Eric SolotoffEric Solotoff is the editor of the New Jersey Family Legal Blog and the Co-Chair of the Family Law Practice Group of Fox Rothschild LLP. Certified by the Supreme Court of New Jersey as a Matrimonial Lawyer and a Fellow of the American Academy of Matrimonial Attorneys, Eric is resident in Fox Rothschild’s Roseland and Morristown, New Jersey offices though he practices throughout New Jersey. You can reach Eric at (973)994-7501, or esolotoff@foxrothschild.com.

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Posted in Divorce, Practice Issues

In recent years, we have been repeatedly cautioned by government leaders and renowned economists that the wealth gap and income inequality in America is only getting worse.  As part of the widening gap, some experts describe a slow disappearance of the middle class, with individuals/families who formerly fulfilled that category now moving either up or down on the wealth scale.

Ultimately, experts conclude that the “rich getting richer” is not the sole source of such inequality, but also, among other factors, that many of the blue collar jobs once relied upon by middle class families to put food on the table have disappeared.  At the same time, many households now have two fully employed parents, and, an overall demand for more affordable products by that same middle class category leads to outsourcing jobs overseas – essentially, one cause perpetuating another.

piggy bank

These issues, among others, are discussed in “Marriage Markets,” (with a link to the NY Times review) a new book by two family law professors, June Carbone and Naomi Cahn that examines why the number of marriages are on the decline, while non-married families and single parents are on the rise.  The book argues that income inequality has led to a decline in marriages, as middle class and lower income American families can no longer invest as they once did in growing a household and in futures of their children.  By correlation, it should come as no surprise that families with greater wealth more often have more stable marriages than those families with lesser wealth, can better invest in themselves and their children, and, should the marriage go south, can better finance a potential marriage dissolution.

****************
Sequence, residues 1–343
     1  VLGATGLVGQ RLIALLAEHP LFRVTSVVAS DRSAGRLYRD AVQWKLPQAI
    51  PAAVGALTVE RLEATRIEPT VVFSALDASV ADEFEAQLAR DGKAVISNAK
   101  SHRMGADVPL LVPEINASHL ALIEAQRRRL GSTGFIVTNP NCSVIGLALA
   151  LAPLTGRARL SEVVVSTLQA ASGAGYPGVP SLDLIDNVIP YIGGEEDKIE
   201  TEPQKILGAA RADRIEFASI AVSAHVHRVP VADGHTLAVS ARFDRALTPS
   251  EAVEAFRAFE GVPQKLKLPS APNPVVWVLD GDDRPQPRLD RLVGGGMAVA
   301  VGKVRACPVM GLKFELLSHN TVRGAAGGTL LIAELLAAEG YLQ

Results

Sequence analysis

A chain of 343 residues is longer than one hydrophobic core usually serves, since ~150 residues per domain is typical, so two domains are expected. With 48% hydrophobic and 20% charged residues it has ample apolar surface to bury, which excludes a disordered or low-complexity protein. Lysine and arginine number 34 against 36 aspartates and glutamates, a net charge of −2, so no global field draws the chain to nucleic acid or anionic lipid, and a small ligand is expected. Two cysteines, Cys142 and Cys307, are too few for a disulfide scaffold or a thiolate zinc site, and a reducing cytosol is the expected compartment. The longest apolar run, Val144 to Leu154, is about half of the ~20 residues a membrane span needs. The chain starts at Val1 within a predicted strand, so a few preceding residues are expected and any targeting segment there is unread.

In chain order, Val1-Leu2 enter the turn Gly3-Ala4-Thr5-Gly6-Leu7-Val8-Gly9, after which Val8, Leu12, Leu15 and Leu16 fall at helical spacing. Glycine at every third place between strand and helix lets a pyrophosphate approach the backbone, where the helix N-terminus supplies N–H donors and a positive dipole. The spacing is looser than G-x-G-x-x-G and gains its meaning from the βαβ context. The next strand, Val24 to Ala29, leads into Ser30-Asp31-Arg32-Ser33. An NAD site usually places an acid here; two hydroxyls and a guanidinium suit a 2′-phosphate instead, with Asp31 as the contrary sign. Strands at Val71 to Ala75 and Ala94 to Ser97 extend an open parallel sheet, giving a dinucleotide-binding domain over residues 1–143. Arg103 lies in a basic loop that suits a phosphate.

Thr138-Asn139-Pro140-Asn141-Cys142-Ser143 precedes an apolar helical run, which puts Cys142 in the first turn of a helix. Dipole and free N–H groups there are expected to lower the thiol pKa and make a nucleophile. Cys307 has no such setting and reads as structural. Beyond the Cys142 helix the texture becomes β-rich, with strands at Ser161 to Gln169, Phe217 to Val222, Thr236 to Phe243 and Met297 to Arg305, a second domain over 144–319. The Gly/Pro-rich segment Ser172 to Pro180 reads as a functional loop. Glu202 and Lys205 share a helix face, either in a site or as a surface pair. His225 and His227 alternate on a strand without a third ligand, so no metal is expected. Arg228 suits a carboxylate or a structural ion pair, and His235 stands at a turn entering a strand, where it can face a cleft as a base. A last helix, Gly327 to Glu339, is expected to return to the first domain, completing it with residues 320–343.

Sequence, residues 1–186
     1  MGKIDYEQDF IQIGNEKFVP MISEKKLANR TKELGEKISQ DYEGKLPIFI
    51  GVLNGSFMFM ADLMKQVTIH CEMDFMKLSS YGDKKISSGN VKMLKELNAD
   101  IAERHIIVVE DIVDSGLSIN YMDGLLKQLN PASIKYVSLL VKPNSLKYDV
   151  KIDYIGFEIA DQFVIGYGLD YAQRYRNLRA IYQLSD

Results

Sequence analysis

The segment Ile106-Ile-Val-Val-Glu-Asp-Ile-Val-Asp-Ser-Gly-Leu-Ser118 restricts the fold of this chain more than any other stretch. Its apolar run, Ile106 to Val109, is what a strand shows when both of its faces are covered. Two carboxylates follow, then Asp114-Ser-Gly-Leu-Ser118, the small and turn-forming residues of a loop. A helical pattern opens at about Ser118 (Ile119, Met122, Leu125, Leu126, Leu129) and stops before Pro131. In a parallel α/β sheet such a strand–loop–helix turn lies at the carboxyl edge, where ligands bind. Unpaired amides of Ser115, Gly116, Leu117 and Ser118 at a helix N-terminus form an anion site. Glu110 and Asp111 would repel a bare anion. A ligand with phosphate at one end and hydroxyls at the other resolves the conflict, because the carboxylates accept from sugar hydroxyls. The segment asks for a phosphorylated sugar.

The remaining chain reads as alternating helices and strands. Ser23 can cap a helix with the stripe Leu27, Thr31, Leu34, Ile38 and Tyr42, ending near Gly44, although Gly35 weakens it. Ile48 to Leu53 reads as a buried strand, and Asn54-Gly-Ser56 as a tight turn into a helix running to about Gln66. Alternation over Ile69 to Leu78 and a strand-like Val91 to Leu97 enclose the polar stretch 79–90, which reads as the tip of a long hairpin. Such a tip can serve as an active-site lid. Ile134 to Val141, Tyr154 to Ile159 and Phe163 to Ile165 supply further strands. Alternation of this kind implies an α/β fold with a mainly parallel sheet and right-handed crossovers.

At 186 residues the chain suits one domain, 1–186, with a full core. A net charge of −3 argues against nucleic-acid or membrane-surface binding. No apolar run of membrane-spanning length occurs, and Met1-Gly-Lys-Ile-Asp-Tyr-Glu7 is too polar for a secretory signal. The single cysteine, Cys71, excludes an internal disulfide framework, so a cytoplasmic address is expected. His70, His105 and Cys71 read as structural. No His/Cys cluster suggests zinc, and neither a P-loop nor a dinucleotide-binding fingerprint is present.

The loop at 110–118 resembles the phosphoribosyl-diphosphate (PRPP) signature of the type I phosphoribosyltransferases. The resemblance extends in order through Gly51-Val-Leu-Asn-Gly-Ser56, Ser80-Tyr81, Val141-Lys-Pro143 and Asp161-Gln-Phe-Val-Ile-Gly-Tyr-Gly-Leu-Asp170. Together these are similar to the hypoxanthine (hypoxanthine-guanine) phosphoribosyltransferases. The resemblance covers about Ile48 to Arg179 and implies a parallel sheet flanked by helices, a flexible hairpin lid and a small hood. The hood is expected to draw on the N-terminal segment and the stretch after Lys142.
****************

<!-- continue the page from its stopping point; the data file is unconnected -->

While parties seem more willing to move on from a marriage, especially now that every State has some form of “no fault” divorce option, and while the economy has seen improvement since 2008, people still come to me on occasion contemplating whether it is more cost effective for them to remain married – even if they have to live separate and apart.  This sort of decision is troubling in that it handcuffs a couple’s ability to divorce and move on.  From a legal perspective, there is also a strong argument to be made, based on case law in New Jersey, that assets and income continue to accrue and are subject to distribution even after the separation date – especially since New Jersey really has no true legal form of separation.

Similarly, a lack of financial resources may also hinder parties from properly addressing all issues in a divorce, especially as to children.  The cost of attorneys, experts, and the like can be overwhelming for some and, as a result, litigants will, for example, forego the use of an expert when the need for a forensic custodial or accounting analysis may be imperative to fully and completely address a given issue.


While this blog post is less about specific law and practical tips, the primary arguments and underlying thesis of “Marriage Markets” are both interesting and relevant for the future prospects of marriage and divorce in our country.  The wealth gap continues to widen despite governmental measures taken to fend off its occurrence and has touched upon our world of family law in a way that has and will continue to impact how we practice and advocate for our clients.


Robert A. EpsteinRobert Epstein is a partner in Fox Rothschild LLP’s Family Law Practice Group. Robert practices in the firm’s Roseland, New Jersey office and can be reached at (973) 994-7526, or repstein@foxrothschild.com.